Dengue viruses and malaria protozoa are of increasing global concern in public health. The diseases caused by these pathogens often show regular seasonal patterns in incidence because of the sensitivity of their mosquito vectors to climate. Between years in endemic areas, however, there can be further significant variation in case numbers for which public health systems are generally unprepared. There is an acute need for reliable predictions of within-year and between-year epidemic events. The prerequisite for developing any system of early warning is a detailed understanding of the factors involved in epidemic genesis. In this report we discuss the potential causes of the interepidemic periods in dengue hemorrhagic fever in Bangkok and of Plasmodium falciparum malaria in a highland area of western Kenya. The alternative causes are distinguished by a retrospective analysis of two unique and contemporaneous 33-year time series of epidemiological and associated meteorological data recorded at these two sites. We conclude that intrinsic population dynamics offer the most parsimonious explanation for the observed interepidemic periods of disease in these locations.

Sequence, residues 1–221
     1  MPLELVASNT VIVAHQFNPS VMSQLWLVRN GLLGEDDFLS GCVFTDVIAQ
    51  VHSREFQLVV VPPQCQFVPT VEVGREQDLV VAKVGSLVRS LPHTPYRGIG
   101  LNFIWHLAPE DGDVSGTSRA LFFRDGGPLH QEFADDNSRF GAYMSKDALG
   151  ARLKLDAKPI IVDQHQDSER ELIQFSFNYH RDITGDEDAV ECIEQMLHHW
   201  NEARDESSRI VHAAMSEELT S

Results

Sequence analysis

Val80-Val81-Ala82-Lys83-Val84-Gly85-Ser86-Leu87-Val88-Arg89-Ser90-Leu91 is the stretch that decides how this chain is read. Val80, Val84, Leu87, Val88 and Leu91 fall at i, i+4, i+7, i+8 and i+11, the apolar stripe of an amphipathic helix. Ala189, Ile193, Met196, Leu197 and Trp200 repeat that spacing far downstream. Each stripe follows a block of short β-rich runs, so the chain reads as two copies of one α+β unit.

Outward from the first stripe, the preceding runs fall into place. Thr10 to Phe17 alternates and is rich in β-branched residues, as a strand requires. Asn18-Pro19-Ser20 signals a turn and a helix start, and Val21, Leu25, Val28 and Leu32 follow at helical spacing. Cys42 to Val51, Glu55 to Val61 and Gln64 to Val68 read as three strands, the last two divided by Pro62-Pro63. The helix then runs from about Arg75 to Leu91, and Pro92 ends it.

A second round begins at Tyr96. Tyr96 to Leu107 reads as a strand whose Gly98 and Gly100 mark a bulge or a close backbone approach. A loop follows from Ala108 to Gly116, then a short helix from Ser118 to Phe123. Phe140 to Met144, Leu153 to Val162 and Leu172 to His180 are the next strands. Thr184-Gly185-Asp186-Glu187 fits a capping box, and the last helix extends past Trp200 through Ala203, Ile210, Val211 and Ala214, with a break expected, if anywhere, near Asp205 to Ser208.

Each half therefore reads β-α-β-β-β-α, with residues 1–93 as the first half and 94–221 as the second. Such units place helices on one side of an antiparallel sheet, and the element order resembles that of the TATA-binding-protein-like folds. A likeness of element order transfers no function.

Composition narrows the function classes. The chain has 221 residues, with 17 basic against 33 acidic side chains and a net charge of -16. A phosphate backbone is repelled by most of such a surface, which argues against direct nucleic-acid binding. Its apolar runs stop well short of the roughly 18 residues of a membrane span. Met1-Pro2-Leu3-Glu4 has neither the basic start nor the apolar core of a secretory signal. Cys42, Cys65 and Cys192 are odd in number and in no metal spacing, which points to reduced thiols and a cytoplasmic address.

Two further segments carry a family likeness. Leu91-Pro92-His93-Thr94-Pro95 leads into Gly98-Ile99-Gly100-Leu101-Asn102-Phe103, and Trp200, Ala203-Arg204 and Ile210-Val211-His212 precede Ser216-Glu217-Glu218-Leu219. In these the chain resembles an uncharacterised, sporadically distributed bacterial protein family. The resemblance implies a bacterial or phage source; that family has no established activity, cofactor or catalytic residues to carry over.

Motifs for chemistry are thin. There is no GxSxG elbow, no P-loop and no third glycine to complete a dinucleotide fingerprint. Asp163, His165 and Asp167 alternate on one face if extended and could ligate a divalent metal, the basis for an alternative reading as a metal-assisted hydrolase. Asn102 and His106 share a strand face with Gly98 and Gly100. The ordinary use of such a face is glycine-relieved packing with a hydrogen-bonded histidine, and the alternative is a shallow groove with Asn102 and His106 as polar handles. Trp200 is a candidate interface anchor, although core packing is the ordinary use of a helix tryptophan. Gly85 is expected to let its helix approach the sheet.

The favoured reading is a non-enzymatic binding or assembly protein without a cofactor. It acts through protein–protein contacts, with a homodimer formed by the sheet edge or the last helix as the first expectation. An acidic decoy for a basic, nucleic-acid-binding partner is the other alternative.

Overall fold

|Original language||English (US)|
|Number of pages||5|
|Journal||Proceedings of the National Academy of Sciences of the United States of America|
|State||Published - Aug 1 2000|
ASJC Scopus subject areas